The work presented at the conference used the same technique with the two large telescopes of the Keck Observatory in Hawaii in order to detect the dust cloud around the star Fomalhaut located 25 light years from our sun.

"Based on our observations at the European Very Large , we knew that Fomalhaut was surrounded by a bright located very close to the star," said Jérémy Lebreton, principal investigator of the study, who is at the Institut de Planétologie et d'Astrophysique in Grenoble, France.

"Using the Keck Interferometer, we found out that Fomalhaut has a less bright, more diffuse cloud orbiting close to the habitable zone that resembles the Main Asteroid Belt in our . This belt is likely in dynamical interaction with yet undetected planets."

The study presented here is one in a series of three publications and was conducted in collaboration with the University of Amsterdam; the University of Liège in Belgium; NASA's Jet Propulsion Laboratory at Caltech, Pasadena, Calif.; the University of Paris; and the University of Arizona in Tucson, Ariz.

Approximately 250 scientists from around the world convened at the scientific conference, Exploring the Formation and Evolution of Planetary Systems, held June 3-7 in Victoria to discuss the latest observations and theories about exoplanetary systems.

Explore further: Lightest exoplanet imaged so far?

More information: This research paper, An interferometric study of the Fomalhaut inner debris disk. III. Detailed models of the exozodiacal disk and its origin, by Lebreton J. et al. is online at arxiv.org/abs/1306.0956

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Inspector Spacetime
3.7 / 5 (3) Jun 07, 2013
"NASA's goal is to be able take a direct picture of Earth-like, rocky planets and record their spectrum of light to analyze their composition and characteristics such as temperature, presence of water and other parameters."

This was science fiction not so many years ago. In a way, it still is, with the Terrestrial Planet Finder cancelled. Unfortunately, this means the Life Finder mission is also deceased. Agree with NASA about the following statement on imaging terrestrial planets.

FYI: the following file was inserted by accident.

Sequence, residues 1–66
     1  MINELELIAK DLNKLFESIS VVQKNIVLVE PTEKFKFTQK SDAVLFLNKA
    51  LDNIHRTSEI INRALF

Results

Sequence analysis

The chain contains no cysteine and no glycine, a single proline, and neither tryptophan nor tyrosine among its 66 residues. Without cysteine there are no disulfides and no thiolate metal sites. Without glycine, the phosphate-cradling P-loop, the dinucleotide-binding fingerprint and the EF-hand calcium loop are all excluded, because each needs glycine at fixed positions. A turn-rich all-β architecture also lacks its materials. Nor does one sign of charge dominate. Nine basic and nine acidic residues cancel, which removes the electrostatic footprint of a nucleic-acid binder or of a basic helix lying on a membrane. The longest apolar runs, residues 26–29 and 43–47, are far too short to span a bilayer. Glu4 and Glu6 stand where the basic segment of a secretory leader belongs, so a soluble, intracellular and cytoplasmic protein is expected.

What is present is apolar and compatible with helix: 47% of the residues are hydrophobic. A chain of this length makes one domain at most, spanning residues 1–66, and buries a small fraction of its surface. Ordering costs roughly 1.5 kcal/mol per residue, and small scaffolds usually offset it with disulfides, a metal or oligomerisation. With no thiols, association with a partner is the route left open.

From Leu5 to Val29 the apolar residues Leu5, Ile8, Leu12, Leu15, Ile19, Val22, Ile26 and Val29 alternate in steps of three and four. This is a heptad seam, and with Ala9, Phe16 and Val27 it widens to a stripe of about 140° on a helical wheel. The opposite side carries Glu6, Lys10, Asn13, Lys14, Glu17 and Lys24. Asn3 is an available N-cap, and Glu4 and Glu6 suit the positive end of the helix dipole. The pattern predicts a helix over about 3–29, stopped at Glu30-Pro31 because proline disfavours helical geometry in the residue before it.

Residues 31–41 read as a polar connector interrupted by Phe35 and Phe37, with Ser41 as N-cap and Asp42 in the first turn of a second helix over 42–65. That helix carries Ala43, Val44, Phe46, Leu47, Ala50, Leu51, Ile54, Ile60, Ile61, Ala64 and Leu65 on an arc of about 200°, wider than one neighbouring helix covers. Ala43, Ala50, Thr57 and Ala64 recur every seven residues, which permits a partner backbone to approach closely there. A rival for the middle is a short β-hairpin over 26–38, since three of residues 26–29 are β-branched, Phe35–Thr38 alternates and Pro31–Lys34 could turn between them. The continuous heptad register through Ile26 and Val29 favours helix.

"This goal is so challenging and of such importance that it could occupy astronomers for the foreseeable future."

Eventually, looking at extrasolar terrestrial planets will be science, not science fiction. That dream lately has been set decades away, something for the second half of this century. This work just might move that date closer to the present. Keeping fingers crossed.
GSwift7
5 / 5 (2) Jun 07, 2013
I too feel that we are right on the verge of some revolutionary discoveries, and I hope to see them in my lifetime (43 years old now).

However, I think this might be a case where you can save an hour by waiting a minute.

We are currently deploying the first of a whole new generation of telescopes all over the world. If we take a little bit of time to learn the tricks of using these, it may give us some new ideas about how to build the next one better. Space based telescopes are a tricky business because it's difficult or impossible to modify them once they are up.

I say, at the very least, get the JWST operational before we go for another big space telescope. Sure, start looking at concepts, but I think we will learn a lot about how this newest crop of telescopes work over the next few years. In the end, that may save us a few years of development time and give us better results when we do launch our next big space telescope.
Inspector Spacetime
5 / 5 (1) Jun 08, 2013
By 2040 there should be technologies for making better use of existing telescopes. And new telescopes, of course, will also exist. I would imagine by then that smaller planets will have been imaged, even terrestrial-sized planets. You will be in your early 70s by that time and should see this happen. As for people a decade or two older than yourself, they are less likely to be so lucky.

It's an exciting time. The idea that relatively quiet and stable outlying sectors like ours are forming planets, life and civilizations at more or less the same rate has been circulating for awhile now, and I feel it is correct. We and our fellow creatures in the Local and Loop I Bubbles may not be so far apart developmentally. Even so, Alpha Centauri A and B are for example about a billion years older than our Sun. So it is clearly possible worlds in the solar neighborhood may be homes to life much older than ours.

You and I just might be around when another living world is detected.